Martedì, 18 Settembre 2018
STRASBOURG

EU court opens hearings into Genoa G8 brutality

English
© ANSA

Strasbourg, January 2 - More than a decade after
brutal police beatings of protesters at a Group of Eight summit
in Genoa in 2001, the European Court of Justice in Strasbourg
began hearings into the case Wednesday.
The Strasbourg court is considering applications brought by
20 people in Italy and other parts of the Europe in the case
where police brutality left two people comatose and sent 26 to
hospital.
The worst attacks occurred when police raided the Diaz
school, where anti-globalization protesters were sleeping.
Last July, Italy's top appeals court upheld the convictions
of several high-ranking officers, saying that violent actions by
some police and unprovoked mass arrests of anti-globalization
demonstrators had discredited Italy in the eyes of the world.
The court slammed police for fabricating justifications for
their actions, such as falsely claiming that protesters had
stabbed an officer and were about to use Molotov cocktails,
which were in fact planted by the police.
Senior police made false accusations and committed slander
against the accused, and overall failed in their duties during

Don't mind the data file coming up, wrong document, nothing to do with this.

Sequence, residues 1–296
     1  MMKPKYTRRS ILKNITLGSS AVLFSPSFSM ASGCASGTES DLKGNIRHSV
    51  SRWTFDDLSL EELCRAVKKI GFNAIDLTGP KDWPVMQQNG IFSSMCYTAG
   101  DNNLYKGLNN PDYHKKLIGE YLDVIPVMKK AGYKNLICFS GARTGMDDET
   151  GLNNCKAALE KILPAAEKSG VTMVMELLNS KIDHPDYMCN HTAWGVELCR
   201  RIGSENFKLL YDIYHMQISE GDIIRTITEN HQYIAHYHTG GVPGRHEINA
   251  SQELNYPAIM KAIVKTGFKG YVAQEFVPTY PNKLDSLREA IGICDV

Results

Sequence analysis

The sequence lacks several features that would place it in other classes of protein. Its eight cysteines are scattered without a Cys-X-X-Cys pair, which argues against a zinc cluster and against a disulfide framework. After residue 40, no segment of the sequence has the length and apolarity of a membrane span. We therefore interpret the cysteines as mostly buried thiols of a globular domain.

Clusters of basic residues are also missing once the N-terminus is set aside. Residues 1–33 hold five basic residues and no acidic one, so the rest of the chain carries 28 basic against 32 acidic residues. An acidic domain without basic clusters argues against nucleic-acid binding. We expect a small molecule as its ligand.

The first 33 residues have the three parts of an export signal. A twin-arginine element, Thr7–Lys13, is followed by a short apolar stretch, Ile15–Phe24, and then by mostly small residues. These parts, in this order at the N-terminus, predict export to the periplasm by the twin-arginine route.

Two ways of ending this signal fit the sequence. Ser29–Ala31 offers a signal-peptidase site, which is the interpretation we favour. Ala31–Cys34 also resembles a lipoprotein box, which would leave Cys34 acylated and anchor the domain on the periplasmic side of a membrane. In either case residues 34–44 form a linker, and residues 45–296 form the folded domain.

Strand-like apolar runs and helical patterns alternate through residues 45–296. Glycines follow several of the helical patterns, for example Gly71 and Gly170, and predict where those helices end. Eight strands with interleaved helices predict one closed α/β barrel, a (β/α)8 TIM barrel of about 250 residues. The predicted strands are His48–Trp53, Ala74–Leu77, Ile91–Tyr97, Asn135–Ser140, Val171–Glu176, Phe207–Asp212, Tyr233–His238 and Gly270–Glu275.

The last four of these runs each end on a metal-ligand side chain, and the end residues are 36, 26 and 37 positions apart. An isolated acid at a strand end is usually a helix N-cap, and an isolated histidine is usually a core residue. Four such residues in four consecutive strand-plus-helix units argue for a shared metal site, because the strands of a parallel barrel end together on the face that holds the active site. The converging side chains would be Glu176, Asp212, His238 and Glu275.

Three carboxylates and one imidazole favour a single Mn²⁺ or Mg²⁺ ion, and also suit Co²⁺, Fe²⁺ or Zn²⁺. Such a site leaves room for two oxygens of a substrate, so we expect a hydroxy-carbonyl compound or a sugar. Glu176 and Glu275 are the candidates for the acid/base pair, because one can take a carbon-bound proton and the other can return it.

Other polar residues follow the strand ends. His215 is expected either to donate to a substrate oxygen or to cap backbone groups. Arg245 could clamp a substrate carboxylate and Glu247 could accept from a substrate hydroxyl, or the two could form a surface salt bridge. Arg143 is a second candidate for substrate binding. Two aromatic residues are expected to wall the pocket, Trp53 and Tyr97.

the three-day summit in Genoa, the court said in upholding and
even increasing prison sentences against senior officers.
Amid the violence that marred the three-day event, a police
officer killed a 23-year-old protester as he was about to hurl a
fire extinguisher into his vehicle.
In its July final ruling, the court said that former
national police chief Gianni De Gennaro, the only senior officer
to be acquitted at the end of the appeals process, had demanded
arrests "to redeem the image of the police from charges of
inertia" against militant rampages that devastated the
northwestern port city.
But jail sentences were suspended for many top officers who
have yet to be sanctioned by the interior ministry, and
sentences for the riot police eventually timed out.
The Italian government was forced to pay 350,000 euros in
compensation last fall to a British freelance journalist
brutally beaten by Italian police.
Mark Covell, who has called for a more complete
investigation of the G8 debacle, was unconscious for 14 hours
after police in riot gear raided the Diaz school,
The bludgeoning left him with a vein twisted around his
spine, a perforated lung, broken fingers, ten smashed teeth and
eight broken ribs.

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